"Doom 2" not only managed to bring into Id's bursting coffers tens of millions more dollars, but also marked the Texas company as one of the most significant forces in the industry. One after another, its games defined the new technological standards for first-person games, convex surfaces and dynamic lighting. At the same time, every new 3D engine that Id developed soon became the platform upon which the leading games of the previous decade were built, and the company found a very significant income channel by selling its technology to other game developers.
On the other hand, Id showed little interest in building plots for its games. The "Doom" and "Quake" series all threw slews of monsters and demons at a lone hero. In "Quake 3" of 1999 Id decided to do away with even its framework story and created a plotless web game that "strips the genre down to its most basic elements," as Carmack and others explained to those who complained.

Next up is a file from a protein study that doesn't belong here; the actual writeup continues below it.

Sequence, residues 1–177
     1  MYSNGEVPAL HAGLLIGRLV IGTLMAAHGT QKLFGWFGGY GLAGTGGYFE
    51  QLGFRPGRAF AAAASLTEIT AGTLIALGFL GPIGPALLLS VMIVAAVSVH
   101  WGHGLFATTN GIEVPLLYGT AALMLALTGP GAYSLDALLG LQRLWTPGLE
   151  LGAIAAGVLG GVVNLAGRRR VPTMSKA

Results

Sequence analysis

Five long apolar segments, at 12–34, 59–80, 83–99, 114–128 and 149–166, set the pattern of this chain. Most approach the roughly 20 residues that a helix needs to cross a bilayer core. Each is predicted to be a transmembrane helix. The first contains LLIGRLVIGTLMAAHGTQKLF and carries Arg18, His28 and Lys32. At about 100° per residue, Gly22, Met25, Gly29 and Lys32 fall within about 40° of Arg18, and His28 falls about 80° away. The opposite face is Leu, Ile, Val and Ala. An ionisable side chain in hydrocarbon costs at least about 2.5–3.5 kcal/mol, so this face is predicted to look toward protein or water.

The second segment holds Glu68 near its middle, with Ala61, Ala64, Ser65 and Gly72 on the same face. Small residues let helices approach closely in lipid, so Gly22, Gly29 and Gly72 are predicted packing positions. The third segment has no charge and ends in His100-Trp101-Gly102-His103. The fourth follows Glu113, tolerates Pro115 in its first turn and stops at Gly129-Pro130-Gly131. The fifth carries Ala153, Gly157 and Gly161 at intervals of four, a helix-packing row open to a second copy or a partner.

However, after completing "Quake 3," some at Id decided they did want to create a game with a narrative, and after power struggles that caused a number of the company's founders to leave, they decided to recreate the original Doom using completely new technology. Last week the new game hit the stores.
After a fairly long installation, which requires a monster 2.2 gigabytes of space on your hard disk, we are given a glimpse into what Id has been doing for the past few years. For the first hour of the game, it's difficult not to sit gaping in front of the computer, slack-jawed, tongue hanging out, in sheer amazement at the most beautiful computer game ever created.
The new graphics engine makes it possible to present ultra-realistic beauty, making the game's lighting - mostly dark and shadowy in fact - create a gloomy and scary ambience that is completely dynamic. Every source of light in the game world illumines every pixel in the picture, creating a complex play of light and shadow.